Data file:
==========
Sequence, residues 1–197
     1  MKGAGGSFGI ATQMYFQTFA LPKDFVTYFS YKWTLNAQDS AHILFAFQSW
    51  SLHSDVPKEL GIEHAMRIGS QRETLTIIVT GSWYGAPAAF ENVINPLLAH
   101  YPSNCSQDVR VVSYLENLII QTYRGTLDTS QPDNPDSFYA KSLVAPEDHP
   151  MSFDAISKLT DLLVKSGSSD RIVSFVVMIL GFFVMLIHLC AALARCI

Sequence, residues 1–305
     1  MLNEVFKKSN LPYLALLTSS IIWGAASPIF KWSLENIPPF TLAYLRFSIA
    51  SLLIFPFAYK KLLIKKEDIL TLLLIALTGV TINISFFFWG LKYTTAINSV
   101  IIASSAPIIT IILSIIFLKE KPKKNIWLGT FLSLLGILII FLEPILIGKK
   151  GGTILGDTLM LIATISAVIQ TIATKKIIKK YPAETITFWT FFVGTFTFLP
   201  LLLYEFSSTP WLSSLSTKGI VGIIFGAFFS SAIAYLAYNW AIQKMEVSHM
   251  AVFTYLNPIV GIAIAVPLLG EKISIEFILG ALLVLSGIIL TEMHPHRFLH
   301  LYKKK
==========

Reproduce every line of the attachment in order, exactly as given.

Sequence, residues 1–197
     1  MKGAGGSFGI ATQMYFQTFA LPKDFVTYFS YKWTLNAQDS AHILFAFQSW
    51  SLHSDVPKEL GIEHAMRIGS QRETLTIIVT GSWYGAPAAF ENVINPLLAH
   101  YPSNCSQDVR VVSYLENLII QTYRGTLDTS QPDNPDSFYA KSLVAPEDHP
   151  MSFDAISKLT DLLVKSGSSD RIVSFVVMIL GFFVMLIHLC AALARCI

Sequence, residues 1–305
     1  MLNEVFKKSN LPYLALLTSS IIWGAASPIF KWSLENIPPF TLAYLRFSIA
    51  SLLIFPFAYK KLLIKKEDIL TLLLIALTGV TINISFFFWG LKYTTAINSV
   101  IIASSAPIIT IILSIIFLKE KPKKNIWLGT FLSLLGILII FLEPILIGKK
   151  GGTILGDTLM LIATISAVIQ TIATKKIIKK YPAETITFWT FFVGTFTFLP
   201  LLLYEFSSTP WLSSLSTKGI VGIIFGAFFS SAIAYLAYNW AIQKMEVSHM
   251  AVFTYLNPIV GIAIAVPLLG EKISIEFILG ALLVLSGIIL TEMHPHRFLH
   301  LYKKK